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Adjustment Computations: Spatial Data Analysis, 6th Edition

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Adjustment Computations: Spatial Data Analysis, 6th Edition

Charles D. Ghilani

ISBN: 978-1-119-39061-9 October 2017 720 Pages

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Description

The definitive guide to bringing accuracy to measurement, updated and supplemented

Adjustment Computations is the classic textbook for spatial information analysis and adjustment computations, providing clear, easy-to-understand instruction backed by real-world practicality. From the basic terms and fundamentals of errors to specific adjustment computations and spatial information analysis, this book covers the methodologies and tools that bring accuracy to surveying, GNSS, GIS, and other spatial technologies. Broad in scope yet rich in detail, the discussion avoids overly-complex theory in favor of practical techniques for students and professionals. This new sixth edition has been updated to align with the latest developments in this rapidly expanding field, and includes new video lessons and updated problems, including worked problems in STATS, MATRIX, ADJUST, and MathCAD.

All measurement produces some amount of error; whether from human mistakes, instrumentation inaccuracy, or environmental features, these errors must be accounted and adjusted for when accuracy is critical. This book describes how errors are identified, analyzed, measured, and corrected, with a focus on least squares adjustment—the most rigorous methodology available.

  • Apply industry-standard methodologies to error analysis and adjustment
  • Translate your skills to the real-world with instruction focused on the practical
  • Master the fundamentals as well as specific computations and analysis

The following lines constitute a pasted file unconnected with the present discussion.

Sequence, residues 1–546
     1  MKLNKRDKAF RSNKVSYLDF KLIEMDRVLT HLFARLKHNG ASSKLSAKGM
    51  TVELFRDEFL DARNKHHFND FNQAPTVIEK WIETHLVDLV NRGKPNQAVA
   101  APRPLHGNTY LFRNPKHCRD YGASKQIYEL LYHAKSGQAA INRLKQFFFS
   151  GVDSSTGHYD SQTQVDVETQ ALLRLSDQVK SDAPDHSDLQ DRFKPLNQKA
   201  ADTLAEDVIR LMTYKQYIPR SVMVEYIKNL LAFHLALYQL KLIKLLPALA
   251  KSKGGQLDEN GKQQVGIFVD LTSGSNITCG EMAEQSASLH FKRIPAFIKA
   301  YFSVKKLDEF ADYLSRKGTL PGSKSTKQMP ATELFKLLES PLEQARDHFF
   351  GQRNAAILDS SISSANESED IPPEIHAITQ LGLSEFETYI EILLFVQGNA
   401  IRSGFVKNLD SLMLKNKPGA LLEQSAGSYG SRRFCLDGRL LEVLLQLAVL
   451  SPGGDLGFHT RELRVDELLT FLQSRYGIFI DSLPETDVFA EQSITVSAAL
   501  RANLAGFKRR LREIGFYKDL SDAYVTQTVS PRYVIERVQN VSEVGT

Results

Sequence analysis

• Strengthen your understanding of critical topics on the Fundamentals in Surveying Licensing Exam

As spatial technologies expand in both use and capability, so does our need for professionals who understand how to check and adjust for errors in spatial data. Conceptual knowledge is one thing, but practical skills are what counts when accuracy is at stake; Adjustment Computations provides the real-world training you need to identify, analyze, and correct for potentially crucial errors.

Related Resources

Preface xv

Acknowledgments xix

1 Introduction 1

1.1 Introduction 1

1.2 Direct and Indirect Measurements 2

1.3 Measurement Error Sources 2

1.4 Definitions 3

1.5 Precision versus Accuracy 4

1.6 Redundant Observations in Surveying and Their Adjustment 7

1.7 Advantages of Least Squares Adjustment 8

1.8 Overview of the Book 10

Problems 10

2 Observations and Their Analysis 13

2.1 Introduction 13

2.2 Sample versus Population 13

2.3 Range and Median 14

2.4 Graphical Representation of Data 15

2.5 Numerical Methods of Describing Data 18

2.6 Measures of Central Tendency 18

2.7 Additional Definitions 19

2.8 Alternative Formula for Determining Variance 22

2.9 Numerical Examples 24

2.10 Root Mean Square Error and Mapping Standards 28

2.11 Derivation of the Sample Variance (Bessel’s Correction) 31

2.12 Software 32

Problems 34

Practical Exercises 37

3 Random Error Theory 39

3.1 Introduction 39

3.2 Theory of Probability 39

3.3 Properties of the Normal Distribution Curve 42

3.4 Standard Normal Distribution Function 44

3.5 Probability of the Standard Error 47

3.6 Uses for Percent Errors 50

3.7 Practical Examples 50

Problems 53

Programming Problems 55

4 Confidence Intervals 57

4.1 Introduction 57

4.2 Distributions Used in Sampling Theory 59

4.3 Confidence Interval for the Mean: t Statistic 63

4.4 Testing the Validity of the Confidence Interval 66

4.5 Selecting a Sample Size 67

4.6 Confidence Interval for a Population Variance 68

4.7 Confidence Interval for the Ratio of Two Population Variances 70

4.8 Software 72

Problems 75

5 Statistical Testing 79

5.1 Hypothesis Testing 79

5.2 Systematic Development of a Test 82

5.3 Test of Hypothesis for the Population Mean 84

5.4 Test of Hypothesis for the Population Variance 85

5.5 Test of Hypothesis for the Ratio of Two Population Variances 89

5.6 Software 92

Problems 93

6 Propagation of Random Errors in Indirectly Measured Quantities 97

6.1 Basic Error Propagation Equation 97

6.2 Frequently Encountered Specific Functions 102

6.3 Numerical Examples 103

6.4 Software 107

6.5 Conclusions 109

Problems 109

Practical Exercises 112

7 Error Propagation in Angle and Distance Observations 113

7.1 Introduction 113

7.2 Error Sources in Horizontal Angles 113

7.3 Reading Errors 114

7.4 Pointing Errors 116

7.5 Estimated Pointing and Reading Errors with Total Stations 117

7.6 Target-Centering Errors 118

7.7 Instrument Centering Errors 120

7.8 Effects of Leveling Errors in Angle Observations 123